from the service of worship at Warragul, 22 June 2003


Towards the end of his ministry, Jesus began talking with his disciples about his coming death.


They reacted in different ways, according to their personalities and life experiences.


Peter tried to prevent him going to his death in Jerusalem, and earned a sharp rebuke from Jesus; “Get behind me, Satan!  You are a stumbling block to me; for you are setting your mind not on divine things but on human things.”  (Matthew 4: 10, Mark 8: 33, Luke 4:8)


An unnamed woman came and poured costly ointment of nard over his head, and Jesus said when some bewailed her “waste”: “Let her alone; why do you trouble her?  She has performed a good service for me.  For you always have the poor with you, and you can show kindness to them whenever you wish; but you will not always have me.  She has done what she could; she has anointed my body beforehand for its burial.  Truly I tell you, wherever the good news is proclaimed in the whole world, what she has done will be told in remembrance of her.”  (Mark 14: 3, compare Matthew 26: 7 and Luke 7: 37)


And Judas betrayed him.  At the Last Supper Jesus said to Judas, “Do quickly what you are going to do.”  (John 13: 27)


In each of these responses, I seem to hear an echo of the intense struggle Jesus was going through as he tried to come to terms with his coming death.  Soon he would have to leave these people who had each become so dear to him.  Yet growing within him was the conflicting conviction that only through his death could the Holy Spirit of God’s presence be released amongst them.  He had to leave, in order to be with them in a new and more powerful and reconciling way.  Only by crucifiction could resurrection come. 


Our reading, from the last of the Biblical Gospels to be written, portrays Jesus as having reached a peaceful resolution to that internal conflict.  Listen now and you will hear a little of the continual communication that went on between God the Father and God the Son, as the author of John’s Gospel believed it took place on that last evening while the disciples shared their final meal with their Lord:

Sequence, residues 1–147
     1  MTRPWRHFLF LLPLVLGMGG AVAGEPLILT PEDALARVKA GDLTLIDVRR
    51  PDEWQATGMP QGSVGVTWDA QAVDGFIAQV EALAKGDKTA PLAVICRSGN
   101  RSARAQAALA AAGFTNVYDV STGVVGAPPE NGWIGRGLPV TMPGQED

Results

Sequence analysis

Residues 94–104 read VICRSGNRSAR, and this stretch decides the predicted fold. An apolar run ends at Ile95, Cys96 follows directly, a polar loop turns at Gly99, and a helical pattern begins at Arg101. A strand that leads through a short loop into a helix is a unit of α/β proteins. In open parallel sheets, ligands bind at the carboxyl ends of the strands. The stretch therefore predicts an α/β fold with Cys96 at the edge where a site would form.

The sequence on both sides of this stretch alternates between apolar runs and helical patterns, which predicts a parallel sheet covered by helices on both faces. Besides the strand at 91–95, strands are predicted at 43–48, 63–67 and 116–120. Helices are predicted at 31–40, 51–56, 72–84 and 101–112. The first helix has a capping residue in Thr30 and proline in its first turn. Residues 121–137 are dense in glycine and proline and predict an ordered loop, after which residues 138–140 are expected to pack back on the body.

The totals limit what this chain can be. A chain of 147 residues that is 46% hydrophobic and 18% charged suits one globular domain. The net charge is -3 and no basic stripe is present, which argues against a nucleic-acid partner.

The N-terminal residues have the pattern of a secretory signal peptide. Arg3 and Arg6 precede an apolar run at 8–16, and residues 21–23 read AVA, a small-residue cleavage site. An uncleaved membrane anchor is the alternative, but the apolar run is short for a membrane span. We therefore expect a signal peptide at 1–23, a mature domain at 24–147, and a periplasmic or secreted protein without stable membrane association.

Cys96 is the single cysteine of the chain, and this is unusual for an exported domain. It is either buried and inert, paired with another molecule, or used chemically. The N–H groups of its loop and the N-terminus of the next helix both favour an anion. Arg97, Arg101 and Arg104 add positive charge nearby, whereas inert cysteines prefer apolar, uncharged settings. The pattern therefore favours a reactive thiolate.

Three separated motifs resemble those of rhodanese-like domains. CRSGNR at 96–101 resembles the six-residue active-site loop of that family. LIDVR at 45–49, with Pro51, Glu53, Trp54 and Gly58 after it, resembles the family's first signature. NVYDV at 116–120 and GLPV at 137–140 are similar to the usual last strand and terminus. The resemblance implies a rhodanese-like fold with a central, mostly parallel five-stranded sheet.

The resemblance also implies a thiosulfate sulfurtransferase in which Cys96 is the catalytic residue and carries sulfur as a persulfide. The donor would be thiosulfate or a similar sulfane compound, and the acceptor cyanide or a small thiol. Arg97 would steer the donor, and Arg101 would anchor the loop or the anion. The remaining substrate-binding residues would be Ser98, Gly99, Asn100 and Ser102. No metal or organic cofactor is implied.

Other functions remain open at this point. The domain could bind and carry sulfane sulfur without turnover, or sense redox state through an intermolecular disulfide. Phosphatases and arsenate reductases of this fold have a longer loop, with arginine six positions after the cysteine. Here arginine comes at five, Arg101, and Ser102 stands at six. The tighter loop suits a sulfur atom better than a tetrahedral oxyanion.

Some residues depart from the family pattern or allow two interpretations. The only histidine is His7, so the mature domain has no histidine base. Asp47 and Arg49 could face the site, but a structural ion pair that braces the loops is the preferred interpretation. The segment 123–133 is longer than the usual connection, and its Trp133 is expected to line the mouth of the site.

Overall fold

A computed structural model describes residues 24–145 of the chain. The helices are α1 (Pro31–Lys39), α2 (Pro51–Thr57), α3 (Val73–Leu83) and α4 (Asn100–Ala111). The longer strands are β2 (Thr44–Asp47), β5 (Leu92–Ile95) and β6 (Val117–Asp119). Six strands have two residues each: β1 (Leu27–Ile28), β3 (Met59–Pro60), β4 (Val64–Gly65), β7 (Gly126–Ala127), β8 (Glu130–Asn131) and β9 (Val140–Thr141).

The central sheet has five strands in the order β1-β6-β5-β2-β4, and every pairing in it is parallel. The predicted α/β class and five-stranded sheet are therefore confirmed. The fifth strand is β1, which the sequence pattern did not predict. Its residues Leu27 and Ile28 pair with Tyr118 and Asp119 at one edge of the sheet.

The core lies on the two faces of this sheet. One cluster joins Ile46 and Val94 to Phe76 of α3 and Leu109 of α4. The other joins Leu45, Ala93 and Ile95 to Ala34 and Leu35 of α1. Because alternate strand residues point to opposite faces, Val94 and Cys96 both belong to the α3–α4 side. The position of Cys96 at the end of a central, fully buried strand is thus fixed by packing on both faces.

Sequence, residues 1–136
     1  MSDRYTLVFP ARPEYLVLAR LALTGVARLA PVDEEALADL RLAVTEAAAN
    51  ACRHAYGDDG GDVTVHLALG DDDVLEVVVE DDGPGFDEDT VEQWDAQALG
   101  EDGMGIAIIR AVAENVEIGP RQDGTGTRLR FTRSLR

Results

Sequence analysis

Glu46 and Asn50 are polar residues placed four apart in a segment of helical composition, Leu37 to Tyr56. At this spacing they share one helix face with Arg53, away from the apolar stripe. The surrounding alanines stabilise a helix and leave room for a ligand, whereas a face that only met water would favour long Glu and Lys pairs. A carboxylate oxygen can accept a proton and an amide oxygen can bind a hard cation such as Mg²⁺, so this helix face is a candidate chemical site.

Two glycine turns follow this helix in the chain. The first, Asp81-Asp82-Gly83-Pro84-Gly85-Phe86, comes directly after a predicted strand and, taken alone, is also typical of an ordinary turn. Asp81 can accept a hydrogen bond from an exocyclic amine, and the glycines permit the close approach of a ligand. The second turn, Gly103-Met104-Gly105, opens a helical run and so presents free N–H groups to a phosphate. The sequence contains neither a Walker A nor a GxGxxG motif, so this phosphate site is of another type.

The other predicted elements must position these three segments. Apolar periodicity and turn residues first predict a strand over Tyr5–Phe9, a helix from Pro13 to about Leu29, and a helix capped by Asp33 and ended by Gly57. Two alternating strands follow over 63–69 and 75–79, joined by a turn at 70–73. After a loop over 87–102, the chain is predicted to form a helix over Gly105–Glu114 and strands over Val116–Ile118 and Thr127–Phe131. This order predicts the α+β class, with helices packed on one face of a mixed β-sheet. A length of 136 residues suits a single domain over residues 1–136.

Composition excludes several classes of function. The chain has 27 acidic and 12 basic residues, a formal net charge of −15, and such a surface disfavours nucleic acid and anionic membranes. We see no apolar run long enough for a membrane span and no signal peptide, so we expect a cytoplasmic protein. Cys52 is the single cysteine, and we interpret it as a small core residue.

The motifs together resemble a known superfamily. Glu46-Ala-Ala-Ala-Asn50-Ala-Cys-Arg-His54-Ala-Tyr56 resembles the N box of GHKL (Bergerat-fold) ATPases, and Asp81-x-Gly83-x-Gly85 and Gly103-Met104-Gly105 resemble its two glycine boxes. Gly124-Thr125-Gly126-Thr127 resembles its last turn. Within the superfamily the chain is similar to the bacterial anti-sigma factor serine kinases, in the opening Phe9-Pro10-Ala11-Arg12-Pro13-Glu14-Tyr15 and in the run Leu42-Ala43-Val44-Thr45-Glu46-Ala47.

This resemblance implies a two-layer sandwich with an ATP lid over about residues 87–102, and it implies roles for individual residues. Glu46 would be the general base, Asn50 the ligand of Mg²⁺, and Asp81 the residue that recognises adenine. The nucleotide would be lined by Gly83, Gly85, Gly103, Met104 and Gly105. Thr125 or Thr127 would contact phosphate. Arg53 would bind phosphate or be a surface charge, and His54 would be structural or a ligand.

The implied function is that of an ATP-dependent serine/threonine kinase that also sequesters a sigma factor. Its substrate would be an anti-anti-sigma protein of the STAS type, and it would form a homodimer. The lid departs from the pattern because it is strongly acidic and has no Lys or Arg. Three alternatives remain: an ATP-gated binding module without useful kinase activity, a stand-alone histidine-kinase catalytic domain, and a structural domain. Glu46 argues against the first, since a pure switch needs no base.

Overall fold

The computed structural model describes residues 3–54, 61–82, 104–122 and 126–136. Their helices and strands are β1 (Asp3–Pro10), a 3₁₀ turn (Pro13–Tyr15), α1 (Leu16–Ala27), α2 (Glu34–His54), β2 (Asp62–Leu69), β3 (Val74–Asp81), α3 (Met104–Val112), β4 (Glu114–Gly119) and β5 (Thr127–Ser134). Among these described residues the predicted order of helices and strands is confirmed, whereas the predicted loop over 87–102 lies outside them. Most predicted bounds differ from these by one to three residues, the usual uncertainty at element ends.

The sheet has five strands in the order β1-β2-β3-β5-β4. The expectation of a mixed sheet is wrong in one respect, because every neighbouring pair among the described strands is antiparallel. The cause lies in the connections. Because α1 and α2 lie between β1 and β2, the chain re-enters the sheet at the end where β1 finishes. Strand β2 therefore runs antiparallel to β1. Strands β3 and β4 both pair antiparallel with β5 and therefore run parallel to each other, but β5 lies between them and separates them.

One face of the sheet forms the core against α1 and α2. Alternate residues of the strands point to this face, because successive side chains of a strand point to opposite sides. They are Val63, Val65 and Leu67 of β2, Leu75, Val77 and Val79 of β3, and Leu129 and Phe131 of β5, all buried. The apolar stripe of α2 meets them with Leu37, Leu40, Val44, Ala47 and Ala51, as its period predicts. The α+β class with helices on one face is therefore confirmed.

JOHN 17: 1-11


Yes, the prophets who led us into the Uniting Church 26 years ago today pointed to verses 6-26 as the basis for our coming together from the Congregational, Presbyterian and Methodist traditions.  Jesus’ prayer that “I in them and you in me, that they may become completely one, so that the world may know that you have sent me and have loved them even as you have loved me” (verse 23) was the basis of their call.


We are still on the way to such complete union with one another and with God. 


Sometimes it seems to me we have travelled a long way into unity from those first tentative but hopeful steps 26 years ago.  We have learnt from each other, wrestled with each other about property, church politics and polity, the way things should be organised or different theological interpretations, and even about different styles of worship and service.  But on the whole, we have stuck together and grown together and worked for God’s glory together.  New people have heard of God’s love through our witness, and have become members.  It is great that Elisabeth will be confirming her faith today, and other people who have moved to Warragul will be having their membership transfer recognised.


But sometimes it feels as if we have hardly moved at all.  Dreams given of ways we could enhance our ministry together have barely begun to be fulfilled.  There are many reasons for this, but perhaps one of the reasons is that unlike our Lord Jesus Christ, few of us have been willing to embrace the pain of crucifiction in order to move through to the glory of resurrection.  So on this Sunday as we celebrate both a Confirmation and the Birthday of the Uniting Church, let us focus on the first eleven verses of Jesus’ prayer.


Jesus prayed:  “Father, the hour has come; glorify your Son so that the Son may glorify you, since you have given him authority over all people, to give eternal life to all whom you have given him.  And this is eternal life, that they may know you, the only true God, and Jesus Christ whom you have sent.  I glorified you on earth by finishing the work that you gave me in your own presence with the glory that I had in your presence before the world existed.”  (NRSV)


There are many sermons which could be preached on those few words.  Today let us explore just one word, the word “glory”, and one relationship, that of unity.